3. Electric Roads | Double barrel-aged barleywine | Private Press | Santa Cruz, CA | 13.8% – listen
We here in Chicago (and other places where its distributed) are spoiled by Revolution’s Straight Jacket. Any barrel-aged barleywine we try will invariably be compared to it. Most fall short; Electric Roads at worst compares well, at best exceeds it. Extremely complex barrel character gives off varying notes of vanilla, molasses, oak, and dark fruits from the double barrel and barrel-aged blends are something you won’t find in too many other barleywines out there. Electric Roads focus on the darker side of the barleywine, forgoing the usual caramel, toffee and butterscotch to focus more on the molasses and brown sugar notes. It’s like an expertly blended version of Straight Jacket and Ryeway to Heaven (there are some faint caramel notes). A wonderful and complex barleywine that foregrounds the alcohol burn and makes it something that can be sipped on during your daily chores (!). Get some if you can.
2. Cryptomnesia | Violet sour aged with Cabernet Sauvignon grapes, orange peels, cinnamon, and mulling spices | Odious Cellars | Chicago, IL | 6.1% ABV – listen
Typically, sours perform best when adding a fruit or two, usually of the stone variety. One with grapes, orange peel, and cinnamon sounds ambitious, but a lot could go wrong. Except when it goes beautifully, beautifully right. Cryptomnesia balances everything perfectly. All the adjuncts stay in the pocket, you pick a little of each of them up, and the violet sour remains tart but wholly drinkable. As evidenced by this beer and Fact of Fiction, Odious Cellars knows how to use adjuncts wisely, expressing exactly what they intended while still remaining a sour. Cryptomnesia also excels as a food-pairing beer (I would know, I’ve had 3 bottles of it paired with various dishes). While the price point might turn some off, it’s definitely worth the $18 to $20 per bottle to try this. There’s nothing else like it in Chicago. Here’s hoping to more sour releases from Odious Cellars (and the opening of their taproom!) in 2022.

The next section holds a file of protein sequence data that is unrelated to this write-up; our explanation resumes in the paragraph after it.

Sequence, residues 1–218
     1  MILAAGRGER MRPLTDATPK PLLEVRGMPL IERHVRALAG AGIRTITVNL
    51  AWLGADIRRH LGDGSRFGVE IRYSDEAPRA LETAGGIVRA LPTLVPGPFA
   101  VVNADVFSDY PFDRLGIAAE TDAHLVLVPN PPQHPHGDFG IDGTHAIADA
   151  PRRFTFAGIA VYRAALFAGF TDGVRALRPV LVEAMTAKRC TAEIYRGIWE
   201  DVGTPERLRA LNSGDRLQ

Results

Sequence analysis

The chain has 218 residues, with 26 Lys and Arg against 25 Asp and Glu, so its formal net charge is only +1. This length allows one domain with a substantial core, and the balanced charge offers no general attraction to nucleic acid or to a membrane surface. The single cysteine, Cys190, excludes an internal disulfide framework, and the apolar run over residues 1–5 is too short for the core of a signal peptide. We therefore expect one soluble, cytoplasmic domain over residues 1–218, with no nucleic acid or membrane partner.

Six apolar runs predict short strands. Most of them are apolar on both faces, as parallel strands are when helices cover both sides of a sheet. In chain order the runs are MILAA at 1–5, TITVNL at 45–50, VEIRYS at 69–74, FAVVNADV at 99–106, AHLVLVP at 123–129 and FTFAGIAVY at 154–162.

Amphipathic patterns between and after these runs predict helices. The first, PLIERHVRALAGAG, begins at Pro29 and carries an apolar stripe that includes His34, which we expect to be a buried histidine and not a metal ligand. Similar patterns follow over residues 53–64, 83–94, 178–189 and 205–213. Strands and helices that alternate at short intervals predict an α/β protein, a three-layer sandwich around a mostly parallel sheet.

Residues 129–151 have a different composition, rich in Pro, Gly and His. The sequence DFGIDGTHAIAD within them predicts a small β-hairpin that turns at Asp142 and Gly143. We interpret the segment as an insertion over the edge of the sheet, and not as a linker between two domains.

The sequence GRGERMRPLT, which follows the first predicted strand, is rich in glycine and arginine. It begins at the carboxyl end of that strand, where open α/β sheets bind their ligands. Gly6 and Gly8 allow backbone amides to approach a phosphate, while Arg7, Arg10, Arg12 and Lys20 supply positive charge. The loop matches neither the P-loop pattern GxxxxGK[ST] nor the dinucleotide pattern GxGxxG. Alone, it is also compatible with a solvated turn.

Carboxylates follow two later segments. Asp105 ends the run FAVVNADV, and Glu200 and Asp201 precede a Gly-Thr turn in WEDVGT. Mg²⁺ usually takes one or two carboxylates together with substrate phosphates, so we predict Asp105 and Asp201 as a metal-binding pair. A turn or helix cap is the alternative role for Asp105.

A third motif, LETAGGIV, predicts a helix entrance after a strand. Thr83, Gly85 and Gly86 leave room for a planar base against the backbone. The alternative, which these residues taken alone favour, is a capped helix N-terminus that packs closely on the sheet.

1. Bourbon Barrel-Aged Mint Chocolate Chip Sleepy Bear | Barrel-aged Imperial Stout with cacao nibs, vanilla and mint | Werk Force Brewing Co. | Plainfield, IL | 11.5% ABV – listen
Mint beers are great when they are successfully pulled off. Too much mint and it ventures into toothpaste-taste territory. Too little mint and then it’s why bother putting it in anyway. I’m always down with having a minted beer so I was very excited to hear this beer was at Goose Island’s StoutFest (right before I drank it, no less). It exceeded my expectations. Big chocolate and mint notes. Bigger barrel character. Smells (and tastes) like they liquefied a Thin Mint or Andes mint. Sweet, but not too sweet. Just a flat out excellent beer. The barrel plays nice with the Sleepy Bear base beer, while the mint and chocolate exist in harmony with each other. There’s a hint of bourbon burn, but I just drank a Thin Mint so I don’t care. Rarely have I ever tried a beer at a festival and thought, “I need to get this now.” The more amazing thing was that I was able to get multiple two-packs because it was widely distributed. This beer was so delicious that we might be doing an entire mint show (if we can pull it off). I’m in for a case of this if it gets released next year without hesitation. Excellent job Werk Force.